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The Elephants' Graveyard
by Lawrence M. Schoen
Tor, $29.99, 384pp
Published: December 2015

Wonderful world-building, strong characters, and a well-crafted plot with a hard SF core make this one of the best books of 2015.  There aren’t many writers who remind me of Ursula Le Guin at her best, but Schoen does. 

I love the way this book begins, with a single Fant – an anthropomorphized elephant – named Rusul setting out on the final journey almost every Fant makes, sailing to an uncharted island where their kind go to die. But as Rusul makes his peace with death, with his life and its passing, the unimaginable happens.

Thousands of years from now, the galaxy is widely populated, but not by homo sapiens.  How exactly humanoid-animal species came about is only one of the mysteries of the story, revealed in good time and to great dramatic effect. The future children of the galaxy have Aesop Fable-like characteristics based on their species of origin, but their interests and loves and passions are universal, or at least essentially human.  For example, prejudice is still a binding and blinding emotion.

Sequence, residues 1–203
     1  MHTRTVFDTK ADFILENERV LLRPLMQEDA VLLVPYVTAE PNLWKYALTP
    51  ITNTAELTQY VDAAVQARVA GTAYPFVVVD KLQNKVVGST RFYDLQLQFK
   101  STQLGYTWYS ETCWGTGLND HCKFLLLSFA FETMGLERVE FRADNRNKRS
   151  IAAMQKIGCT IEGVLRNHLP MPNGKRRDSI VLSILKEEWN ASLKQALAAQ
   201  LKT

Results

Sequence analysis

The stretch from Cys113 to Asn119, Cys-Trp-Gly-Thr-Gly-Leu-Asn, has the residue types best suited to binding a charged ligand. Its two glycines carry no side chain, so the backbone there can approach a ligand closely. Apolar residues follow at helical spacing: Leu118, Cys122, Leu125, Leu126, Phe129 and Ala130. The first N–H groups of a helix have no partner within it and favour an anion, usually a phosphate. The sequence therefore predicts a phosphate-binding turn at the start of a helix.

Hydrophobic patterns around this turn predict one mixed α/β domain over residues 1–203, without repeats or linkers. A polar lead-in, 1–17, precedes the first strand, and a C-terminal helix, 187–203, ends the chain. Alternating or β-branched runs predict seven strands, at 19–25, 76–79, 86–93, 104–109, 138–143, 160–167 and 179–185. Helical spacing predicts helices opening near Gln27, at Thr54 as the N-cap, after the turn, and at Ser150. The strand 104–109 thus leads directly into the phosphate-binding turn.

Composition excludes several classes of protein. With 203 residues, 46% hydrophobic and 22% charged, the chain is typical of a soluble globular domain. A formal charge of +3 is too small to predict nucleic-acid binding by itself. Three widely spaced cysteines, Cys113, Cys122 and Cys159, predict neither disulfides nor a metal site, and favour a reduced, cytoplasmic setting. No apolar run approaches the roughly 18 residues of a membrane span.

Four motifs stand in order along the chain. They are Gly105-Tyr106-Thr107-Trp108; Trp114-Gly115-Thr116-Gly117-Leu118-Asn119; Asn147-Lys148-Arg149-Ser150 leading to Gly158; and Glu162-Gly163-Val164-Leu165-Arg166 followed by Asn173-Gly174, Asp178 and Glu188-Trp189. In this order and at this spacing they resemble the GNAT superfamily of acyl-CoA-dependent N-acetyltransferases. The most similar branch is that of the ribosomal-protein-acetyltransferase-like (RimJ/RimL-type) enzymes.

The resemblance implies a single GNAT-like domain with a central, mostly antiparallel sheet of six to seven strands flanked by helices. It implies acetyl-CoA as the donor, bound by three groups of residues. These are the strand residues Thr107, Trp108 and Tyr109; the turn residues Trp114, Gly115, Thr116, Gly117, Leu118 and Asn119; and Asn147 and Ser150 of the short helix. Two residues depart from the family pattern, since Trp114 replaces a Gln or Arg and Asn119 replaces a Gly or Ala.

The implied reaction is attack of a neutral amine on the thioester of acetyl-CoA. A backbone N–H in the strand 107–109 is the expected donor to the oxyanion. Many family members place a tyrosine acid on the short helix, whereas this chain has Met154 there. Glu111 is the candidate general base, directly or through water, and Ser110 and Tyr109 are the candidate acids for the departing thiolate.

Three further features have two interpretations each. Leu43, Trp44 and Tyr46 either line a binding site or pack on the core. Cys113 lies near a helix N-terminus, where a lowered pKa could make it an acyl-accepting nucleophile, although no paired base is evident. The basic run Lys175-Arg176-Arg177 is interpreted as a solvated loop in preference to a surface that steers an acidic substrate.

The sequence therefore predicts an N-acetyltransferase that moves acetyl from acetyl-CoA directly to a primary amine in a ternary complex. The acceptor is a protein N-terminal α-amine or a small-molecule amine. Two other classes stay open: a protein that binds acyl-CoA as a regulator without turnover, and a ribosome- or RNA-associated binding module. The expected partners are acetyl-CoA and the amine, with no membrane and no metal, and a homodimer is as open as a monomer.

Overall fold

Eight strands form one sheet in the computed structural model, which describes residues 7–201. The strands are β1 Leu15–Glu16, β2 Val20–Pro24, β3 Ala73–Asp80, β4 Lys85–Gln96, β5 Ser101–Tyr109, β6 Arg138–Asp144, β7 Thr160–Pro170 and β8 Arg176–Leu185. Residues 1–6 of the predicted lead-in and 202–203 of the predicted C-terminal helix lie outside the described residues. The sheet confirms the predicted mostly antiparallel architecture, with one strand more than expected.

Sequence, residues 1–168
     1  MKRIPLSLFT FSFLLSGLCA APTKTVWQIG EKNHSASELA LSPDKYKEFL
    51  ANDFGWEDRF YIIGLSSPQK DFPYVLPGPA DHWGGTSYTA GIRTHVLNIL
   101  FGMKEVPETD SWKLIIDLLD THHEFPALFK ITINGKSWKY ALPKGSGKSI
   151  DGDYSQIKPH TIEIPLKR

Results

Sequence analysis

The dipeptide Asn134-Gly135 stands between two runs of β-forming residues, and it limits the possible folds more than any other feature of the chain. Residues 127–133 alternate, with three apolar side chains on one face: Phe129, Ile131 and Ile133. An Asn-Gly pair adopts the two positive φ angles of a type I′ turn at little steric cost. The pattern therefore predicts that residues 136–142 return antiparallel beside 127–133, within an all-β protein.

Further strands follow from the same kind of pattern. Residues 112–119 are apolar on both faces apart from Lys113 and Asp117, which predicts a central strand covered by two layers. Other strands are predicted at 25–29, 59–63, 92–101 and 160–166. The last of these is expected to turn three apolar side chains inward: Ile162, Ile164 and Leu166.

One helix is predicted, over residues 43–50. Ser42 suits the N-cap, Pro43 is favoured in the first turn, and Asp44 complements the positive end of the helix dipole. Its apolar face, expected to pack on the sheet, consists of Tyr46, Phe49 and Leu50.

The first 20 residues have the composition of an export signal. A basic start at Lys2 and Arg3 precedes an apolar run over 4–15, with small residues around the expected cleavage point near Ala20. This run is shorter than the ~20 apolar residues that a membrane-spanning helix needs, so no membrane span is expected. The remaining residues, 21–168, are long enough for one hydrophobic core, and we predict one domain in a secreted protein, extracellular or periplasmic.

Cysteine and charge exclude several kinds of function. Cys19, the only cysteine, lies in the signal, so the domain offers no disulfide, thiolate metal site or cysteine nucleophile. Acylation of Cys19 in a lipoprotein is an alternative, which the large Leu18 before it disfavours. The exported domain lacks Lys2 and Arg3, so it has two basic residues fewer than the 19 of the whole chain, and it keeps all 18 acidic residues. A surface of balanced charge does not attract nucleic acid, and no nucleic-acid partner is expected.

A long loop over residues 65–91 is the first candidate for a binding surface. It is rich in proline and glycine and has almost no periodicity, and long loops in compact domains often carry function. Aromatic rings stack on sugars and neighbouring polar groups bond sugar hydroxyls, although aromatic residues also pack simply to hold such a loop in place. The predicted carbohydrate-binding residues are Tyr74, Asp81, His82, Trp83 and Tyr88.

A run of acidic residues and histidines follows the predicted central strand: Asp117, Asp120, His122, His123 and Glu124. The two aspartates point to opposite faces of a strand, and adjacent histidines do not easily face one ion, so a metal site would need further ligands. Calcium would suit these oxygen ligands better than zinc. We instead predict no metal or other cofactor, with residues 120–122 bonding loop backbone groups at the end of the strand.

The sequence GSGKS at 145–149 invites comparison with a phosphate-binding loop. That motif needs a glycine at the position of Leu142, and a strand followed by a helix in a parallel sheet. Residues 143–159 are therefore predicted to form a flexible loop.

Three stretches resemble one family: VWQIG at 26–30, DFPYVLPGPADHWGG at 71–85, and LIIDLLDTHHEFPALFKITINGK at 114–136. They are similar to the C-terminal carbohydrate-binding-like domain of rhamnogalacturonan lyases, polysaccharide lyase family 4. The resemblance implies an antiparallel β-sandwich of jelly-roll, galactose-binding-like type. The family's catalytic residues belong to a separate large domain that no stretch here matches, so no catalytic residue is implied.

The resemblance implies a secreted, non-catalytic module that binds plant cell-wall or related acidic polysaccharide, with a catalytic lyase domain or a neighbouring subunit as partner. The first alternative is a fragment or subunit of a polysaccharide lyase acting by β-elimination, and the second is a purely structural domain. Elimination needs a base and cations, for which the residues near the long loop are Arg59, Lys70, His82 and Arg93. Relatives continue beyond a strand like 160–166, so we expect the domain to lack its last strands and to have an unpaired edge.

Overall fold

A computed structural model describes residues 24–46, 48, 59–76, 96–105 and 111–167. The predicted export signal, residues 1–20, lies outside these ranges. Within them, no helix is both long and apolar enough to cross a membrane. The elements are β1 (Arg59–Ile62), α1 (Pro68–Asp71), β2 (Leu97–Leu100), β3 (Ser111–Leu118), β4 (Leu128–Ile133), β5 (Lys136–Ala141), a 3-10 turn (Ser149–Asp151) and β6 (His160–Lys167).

The planet Barsk is a marginal, low-tech world.  For 800 years, the Fants have lived on Barsk, isolated and protected by the Compact that keeps all other Alliance species off their planet, in exchange for materials their world provides.  Jorl, a historian and Speaker, has actually spent time off-world on Galactic Patrol. But now he is home again, doing his work, and being a sort of godfather to Pizlo, a genetically anomalous young Fant and the son of Jorl’s deceased friend. Being a Speaker means Jorl can, under certain restrictions, commune with the dead – a very handy ability for a historian. Jorl is obsessed with the prophesies of the first Speaker, the legendary Margda, who established the rules of Speaking. Certain portents are indicating that a time of crisis is at hand, and that he, Jorl, has a part to play in how, or whether, his people survive.  What Joel cannot even guess is that Pizlo is also implicated.

Other species produce Speakers as well; and much more rarely, telepaths are born. Rarest of all is the Speaker-telepath.  Since knowledge is power, and foreknowledge is power to the n-th degree, it is hardly surprising that someone with a lust for absolute power has been collecting telepaths to get a read of the future. Unfortunately for Barsk, all the assembled precogs agree that a product native to the planet will lead to a singular breakthrough, the kind that remakes entire civilizations.  Even more unfortunately, the one who controls the precogs has just found a Speaker-Telepath who can extract from any mind, living or dead, whatever he wants to know. 

This novel is richly nuanced, with ironies that curdle your stomach, humorous touches that delight, and revelations that astound.  At its heart, I think, is nestled the parable of the rejected stone.   To paraphrase Walt Kelley, “We have made the Alien, and he is us.” ~~ Chris Wozney

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